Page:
Satellite manufacturer are taking advantage of high-speed serial links to connect multiple FPGAs/ASICs on a single PCB and/or transfer data between modules. As bit rates increase, spacecraft OEMs are grappling with how to measure and characterise the performance and reliability of SERDES channels to ensure sub-systems are developed right-first time.

Previously we discussed the use of IBIS-AMI simulation to predict the performance and signal integrity of high-speed serial links before manufacturing your PCB. In this post, I want to share some experiences of using a bit-error rate tester (BERT) to measure and validate the hardware operation of SERDES links. You have spent many months designing your latest avionics, the PCB has been fabricated and assembled, the initial, power-up commissioning and basic functional tests have been successful, and you are now an eager beaver to measure the full performance and capability using the high-speed links.

For those of you not familiar with hardware testing of SERDES channels, a BERT sends a known data stream such as a PRBS down a link comparing the received waveform with the original. Any differences are noted and using this information, a bit error rate (BER) can be calculated for full, end-to-end performance, including the transmitter, the physical medium, and receiver.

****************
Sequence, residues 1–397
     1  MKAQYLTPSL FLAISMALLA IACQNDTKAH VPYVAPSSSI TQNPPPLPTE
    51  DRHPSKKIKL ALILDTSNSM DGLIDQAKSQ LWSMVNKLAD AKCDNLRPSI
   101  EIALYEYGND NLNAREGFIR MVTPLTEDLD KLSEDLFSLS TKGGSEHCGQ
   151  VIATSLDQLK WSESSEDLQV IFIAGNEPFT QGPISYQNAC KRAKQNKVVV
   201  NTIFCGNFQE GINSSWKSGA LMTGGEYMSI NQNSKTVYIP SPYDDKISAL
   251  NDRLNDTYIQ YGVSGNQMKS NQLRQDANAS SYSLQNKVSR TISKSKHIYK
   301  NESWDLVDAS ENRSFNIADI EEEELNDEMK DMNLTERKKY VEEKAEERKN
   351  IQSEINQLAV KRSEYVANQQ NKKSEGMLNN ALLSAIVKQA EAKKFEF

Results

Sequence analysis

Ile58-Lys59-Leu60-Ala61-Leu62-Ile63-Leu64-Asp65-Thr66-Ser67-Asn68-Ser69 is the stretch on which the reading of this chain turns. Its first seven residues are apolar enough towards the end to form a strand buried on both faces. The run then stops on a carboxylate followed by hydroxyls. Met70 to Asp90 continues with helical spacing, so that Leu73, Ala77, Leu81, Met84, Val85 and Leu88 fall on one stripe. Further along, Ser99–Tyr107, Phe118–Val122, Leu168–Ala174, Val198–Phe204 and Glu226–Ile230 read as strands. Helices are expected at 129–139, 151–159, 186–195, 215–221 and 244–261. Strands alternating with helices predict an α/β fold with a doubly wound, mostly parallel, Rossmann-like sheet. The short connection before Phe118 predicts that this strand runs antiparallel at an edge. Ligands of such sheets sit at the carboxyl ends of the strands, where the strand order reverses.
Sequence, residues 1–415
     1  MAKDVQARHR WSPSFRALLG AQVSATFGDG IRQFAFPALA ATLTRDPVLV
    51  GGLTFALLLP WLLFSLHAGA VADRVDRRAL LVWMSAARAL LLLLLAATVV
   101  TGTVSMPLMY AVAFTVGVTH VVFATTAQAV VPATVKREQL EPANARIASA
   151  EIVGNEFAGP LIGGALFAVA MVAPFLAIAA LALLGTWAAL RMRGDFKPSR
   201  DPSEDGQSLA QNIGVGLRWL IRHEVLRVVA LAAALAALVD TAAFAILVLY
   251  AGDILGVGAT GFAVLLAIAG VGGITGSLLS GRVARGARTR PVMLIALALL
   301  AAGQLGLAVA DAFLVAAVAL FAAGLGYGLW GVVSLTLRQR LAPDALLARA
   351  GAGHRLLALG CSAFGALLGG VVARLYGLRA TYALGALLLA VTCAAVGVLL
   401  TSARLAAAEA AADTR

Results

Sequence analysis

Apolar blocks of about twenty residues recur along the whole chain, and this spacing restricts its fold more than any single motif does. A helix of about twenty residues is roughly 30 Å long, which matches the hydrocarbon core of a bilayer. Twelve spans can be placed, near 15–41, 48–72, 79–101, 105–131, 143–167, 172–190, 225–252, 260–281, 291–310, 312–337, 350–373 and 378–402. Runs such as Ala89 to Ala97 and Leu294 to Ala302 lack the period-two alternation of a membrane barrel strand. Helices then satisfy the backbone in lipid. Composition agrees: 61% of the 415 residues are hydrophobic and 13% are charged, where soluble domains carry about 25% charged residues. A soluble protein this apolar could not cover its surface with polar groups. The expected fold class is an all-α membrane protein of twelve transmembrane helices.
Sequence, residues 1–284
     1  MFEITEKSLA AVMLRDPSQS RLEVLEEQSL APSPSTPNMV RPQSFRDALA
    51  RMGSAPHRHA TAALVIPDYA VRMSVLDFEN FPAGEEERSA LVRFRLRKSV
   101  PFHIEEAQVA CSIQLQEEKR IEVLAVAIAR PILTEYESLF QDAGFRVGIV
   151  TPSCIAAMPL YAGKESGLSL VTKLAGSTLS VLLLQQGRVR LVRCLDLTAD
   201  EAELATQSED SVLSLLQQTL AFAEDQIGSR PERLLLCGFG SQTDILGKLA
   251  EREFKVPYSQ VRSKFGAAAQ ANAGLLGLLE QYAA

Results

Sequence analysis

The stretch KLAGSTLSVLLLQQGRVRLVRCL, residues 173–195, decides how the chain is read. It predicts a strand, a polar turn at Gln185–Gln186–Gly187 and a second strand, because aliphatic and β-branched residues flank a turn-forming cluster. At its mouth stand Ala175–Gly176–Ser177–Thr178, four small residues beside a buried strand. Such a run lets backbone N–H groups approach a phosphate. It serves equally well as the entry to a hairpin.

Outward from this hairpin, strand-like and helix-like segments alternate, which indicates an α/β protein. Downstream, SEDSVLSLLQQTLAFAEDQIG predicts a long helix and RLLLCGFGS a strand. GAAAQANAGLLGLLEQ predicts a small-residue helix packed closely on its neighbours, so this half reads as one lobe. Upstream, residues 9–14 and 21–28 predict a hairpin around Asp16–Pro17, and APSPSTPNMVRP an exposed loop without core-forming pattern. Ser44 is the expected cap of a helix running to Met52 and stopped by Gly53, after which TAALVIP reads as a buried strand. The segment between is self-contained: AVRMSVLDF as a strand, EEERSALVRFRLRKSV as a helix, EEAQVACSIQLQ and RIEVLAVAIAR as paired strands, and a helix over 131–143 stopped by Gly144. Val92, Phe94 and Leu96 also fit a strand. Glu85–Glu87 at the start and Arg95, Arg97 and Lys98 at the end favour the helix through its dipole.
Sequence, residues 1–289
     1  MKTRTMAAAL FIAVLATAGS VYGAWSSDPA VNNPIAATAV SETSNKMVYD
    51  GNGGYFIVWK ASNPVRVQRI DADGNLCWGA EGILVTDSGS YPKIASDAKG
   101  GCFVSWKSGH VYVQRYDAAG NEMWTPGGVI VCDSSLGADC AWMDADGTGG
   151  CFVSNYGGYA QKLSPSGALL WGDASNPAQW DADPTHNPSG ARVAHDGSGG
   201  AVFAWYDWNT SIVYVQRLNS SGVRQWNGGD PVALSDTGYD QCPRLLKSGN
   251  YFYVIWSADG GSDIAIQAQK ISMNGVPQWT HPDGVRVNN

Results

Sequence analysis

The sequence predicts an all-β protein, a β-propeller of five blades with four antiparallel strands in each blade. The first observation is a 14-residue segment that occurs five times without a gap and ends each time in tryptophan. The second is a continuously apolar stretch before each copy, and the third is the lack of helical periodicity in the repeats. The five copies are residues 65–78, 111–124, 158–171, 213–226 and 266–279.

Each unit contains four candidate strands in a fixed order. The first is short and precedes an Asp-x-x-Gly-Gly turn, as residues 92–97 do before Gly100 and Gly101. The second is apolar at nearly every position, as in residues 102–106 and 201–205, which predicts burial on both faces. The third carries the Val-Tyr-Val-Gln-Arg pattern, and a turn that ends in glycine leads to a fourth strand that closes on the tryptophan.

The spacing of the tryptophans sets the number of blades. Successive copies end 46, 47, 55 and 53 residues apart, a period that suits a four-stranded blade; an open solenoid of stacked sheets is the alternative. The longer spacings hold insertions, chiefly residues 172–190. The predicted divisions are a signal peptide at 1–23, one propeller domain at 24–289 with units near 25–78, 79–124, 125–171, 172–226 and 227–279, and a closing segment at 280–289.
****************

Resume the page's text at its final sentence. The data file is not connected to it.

As the space industry continues to exploit higher data rates, e.g. 5, 10 Gbps and above, the channel loss between the transmitter and the receiver, e.g. PCB traces, connectors, and cables, becomes more and more important because of high-frequency effects such as greater dielectric absorption, skin effect, and conductor losses. These result in intersymbol interference (ISI), i.e. distortion of the current bit due to the logic state of previous bits, increasing jitter, resulting in more data errors thus limiting the maximum data rate.

The latest BERTs enable accurate characterisation of multi-lane receivers and emulate channel loss by injecting various, controlled-jitter sources, common and differential-mode interference, transmitter pre/de-emphasis and receiver clock recovery/equalisation options. Sequences of data patterns such as PRBS, pulse, clock, static, and memory encoded using a variety of symbols, e.g. 8B/10B, 128B/130B, and 128B/132B, can be created to simulate the bit streams your avionics will receive during operation. In my case, I use Keysight's M8020A J-BERT to measure the performance of hardware SERDES links.

EDNA SERDES 01 Figure 1: The Keysight M8020A, 4-channel, 16 Gbps J-BERT.

Next: Why BERTs are win-win for test and space industries